Students at Gibbons School are getting an up-close opportunity at the life cycle of fish.
The school recently applied for the provincial Fish in Schools program which gives students the chance to raise Rainbow Trout from the egg stage to the fry stage.
The program comes with a grant that supplies 65 Rainbow Trout eggs collected from the Bow River as well as the proper tank to raise the fish.
"The goal of the program is to help with the conservation of fish in Alberta," said Landon Fink, a teacher and program coordinator at Gibbons School. "We thought it would be something that the kids would learn from and get excited about learning from because it's real instead of looking at pictures."
The school received the eggs on Thursday (Jan. 12) and got to work right away setting things up.
The tank isn't locked away in one classroom for just a select group of students to see. Instead, the tank was placed in the school's office so that every student in the school can have the opportunity to witness the fish grow.
Fink says that, for the first few weeks, classes involved in the project will be partaking in more observation before eventually taking a hands-on approach.
"It will be about two weeks of mostly the teacher in the tank and then after that, it will be small groups going," said Fink. "I'll say here is my group one, with two or three kids, 'can you guys go sample the pH and bring back the tests?'."
"It starts out with more observation and becomes more hands-on."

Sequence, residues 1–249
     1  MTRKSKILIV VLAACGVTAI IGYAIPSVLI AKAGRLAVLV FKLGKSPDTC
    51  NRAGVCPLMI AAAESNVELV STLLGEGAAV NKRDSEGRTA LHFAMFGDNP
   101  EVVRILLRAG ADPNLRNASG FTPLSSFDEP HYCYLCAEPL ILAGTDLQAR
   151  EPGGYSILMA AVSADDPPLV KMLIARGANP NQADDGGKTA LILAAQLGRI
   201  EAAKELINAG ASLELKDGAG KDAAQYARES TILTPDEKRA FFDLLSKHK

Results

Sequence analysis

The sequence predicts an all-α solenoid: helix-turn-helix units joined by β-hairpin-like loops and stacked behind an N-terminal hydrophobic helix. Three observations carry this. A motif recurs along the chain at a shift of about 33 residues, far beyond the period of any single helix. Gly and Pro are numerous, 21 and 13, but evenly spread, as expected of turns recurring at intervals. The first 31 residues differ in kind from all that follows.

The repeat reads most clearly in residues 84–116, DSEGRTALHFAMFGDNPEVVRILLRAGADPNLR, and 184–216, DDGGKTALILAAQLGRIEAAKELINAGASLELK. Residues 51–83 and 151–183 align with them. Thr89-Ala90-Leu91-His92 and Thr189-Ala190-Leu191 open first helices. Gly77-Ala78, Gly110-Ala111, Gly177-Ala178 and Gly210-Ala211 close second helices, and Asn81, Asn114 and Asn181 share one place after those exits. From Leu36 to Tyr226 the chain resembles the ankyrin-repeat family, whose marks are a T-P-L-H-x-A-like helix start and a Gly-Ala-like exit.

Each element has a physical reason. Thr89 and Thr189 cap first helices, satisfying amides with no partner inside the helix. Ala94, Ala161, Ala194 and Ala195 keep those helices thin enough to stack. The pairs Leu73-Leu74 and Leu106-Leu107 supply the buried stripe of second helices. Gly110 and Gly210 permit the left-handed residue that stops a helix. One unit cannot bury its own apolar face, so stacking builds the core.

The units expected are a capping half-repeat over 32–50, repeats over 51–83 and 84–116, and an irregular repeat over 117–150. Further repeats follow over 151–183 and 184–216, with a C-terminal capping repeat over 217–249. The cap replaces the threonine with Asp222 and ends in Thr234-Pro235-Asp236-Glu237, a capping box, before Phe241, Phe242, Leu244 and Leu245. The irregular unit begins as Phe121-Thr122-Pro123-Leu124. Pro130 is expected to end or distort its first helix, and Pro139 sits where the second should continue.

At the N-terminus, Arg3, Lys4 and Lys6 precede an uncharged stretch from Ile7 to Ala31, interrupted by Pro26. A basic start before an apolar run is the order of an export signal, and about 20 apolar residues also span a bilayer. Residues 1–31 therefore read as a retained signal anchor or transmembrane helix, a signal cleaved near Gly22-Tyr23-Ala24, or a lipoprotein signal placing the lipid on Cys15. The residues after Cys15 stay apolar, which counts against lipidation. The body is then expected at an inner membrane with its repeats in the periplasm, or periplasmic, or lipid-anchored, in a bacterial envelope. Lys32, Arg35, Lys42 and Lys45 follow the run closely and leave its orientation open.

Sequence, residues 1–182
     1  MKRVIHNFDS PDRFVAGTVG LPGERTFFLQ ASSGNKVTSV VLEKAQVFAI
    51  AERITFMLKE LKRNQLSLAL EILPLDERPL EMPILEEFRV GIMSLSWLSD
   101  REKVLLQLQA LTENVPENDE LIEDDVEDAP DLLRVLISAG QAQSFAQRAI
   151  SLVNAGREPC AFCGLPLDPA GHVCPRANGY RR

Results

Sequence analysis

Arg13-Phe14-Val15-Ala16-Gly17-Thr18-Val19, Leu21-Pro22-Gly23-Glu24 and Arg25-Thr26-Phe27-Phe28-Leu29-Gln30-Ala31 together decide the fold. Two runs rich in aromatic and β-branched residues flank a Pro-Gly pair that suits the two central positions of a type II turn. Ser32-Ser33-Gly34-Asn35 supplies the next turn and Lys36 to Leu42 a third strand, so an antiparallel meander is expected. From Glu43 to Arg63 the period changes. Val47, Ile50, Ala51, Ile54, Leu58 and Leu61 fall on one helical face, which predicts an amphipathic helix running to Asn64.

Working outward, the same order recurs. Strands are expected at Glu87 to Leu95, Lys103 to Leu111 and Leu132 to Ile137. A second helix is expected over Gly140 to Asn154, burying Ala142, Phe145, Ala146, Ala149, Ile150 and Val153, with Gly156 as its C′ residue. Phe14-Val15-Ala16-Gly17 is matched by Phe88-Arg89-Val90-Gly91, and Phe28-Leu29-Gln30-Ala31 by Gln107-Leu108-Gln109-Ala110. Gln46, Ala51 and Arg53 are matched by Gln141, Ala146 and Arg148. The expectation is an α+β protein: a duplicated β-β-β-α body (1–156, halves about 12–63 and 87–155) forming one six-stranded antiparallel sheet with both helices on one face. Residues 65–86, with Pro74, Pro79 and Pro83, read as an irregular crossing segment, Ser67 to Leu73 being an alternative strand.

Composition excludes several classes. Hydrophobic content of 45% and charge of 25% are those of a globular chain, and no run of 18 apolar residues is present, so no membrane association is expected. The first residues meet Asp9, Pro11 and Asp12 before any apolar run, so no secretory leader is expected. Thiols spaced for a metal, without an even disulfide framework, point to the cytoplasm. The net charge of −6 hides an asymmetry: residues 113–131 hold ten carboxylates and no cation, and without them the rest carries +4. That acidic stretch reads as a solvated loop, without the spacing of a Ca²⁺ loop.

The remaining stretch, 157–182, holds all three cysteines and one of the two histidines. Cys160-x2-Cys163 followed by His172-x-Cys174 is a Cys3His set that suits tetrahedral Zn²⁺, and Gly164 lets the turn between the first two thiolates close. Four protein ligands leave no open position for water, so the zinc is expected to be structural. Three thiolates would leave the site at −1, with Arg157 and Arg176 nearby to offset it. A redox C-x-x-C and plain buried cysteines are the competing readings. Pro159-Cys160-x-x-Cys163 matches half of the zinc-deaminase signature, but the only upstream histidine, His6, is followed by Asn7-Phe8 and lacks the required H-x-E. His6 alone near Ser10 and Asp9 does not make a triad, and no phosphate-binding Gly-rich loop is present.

Once the fish reach the appropriate stage of development, students will release them into a local waterway.
"That will be our kids with a little bag of fish that they will get to slide into a river, which will be really exciting."
The program will help teach Grade 5 students about wetlands, life cycles, and the importance of ecosystems.
"They will be able to explain what kind of lifecycle any aquatic animal goes through, but we're focusing on fish," said Fink. "We'll also be focusing on what is a wetland and what kind of wetlands are around here."
The hope is high that having students take such a hands-on approach will encourage a learning environment.
"It's something that a lot of the families and kids can relate to because these are going to be Rainbow Trout that they might actually see in the summer," said Fink. "It's something cool to think about with sustainability and how humans can have a positive impact on the environment that they are in."
It's expected that the program will run for a few months, with students expected to release the fish sometime in May.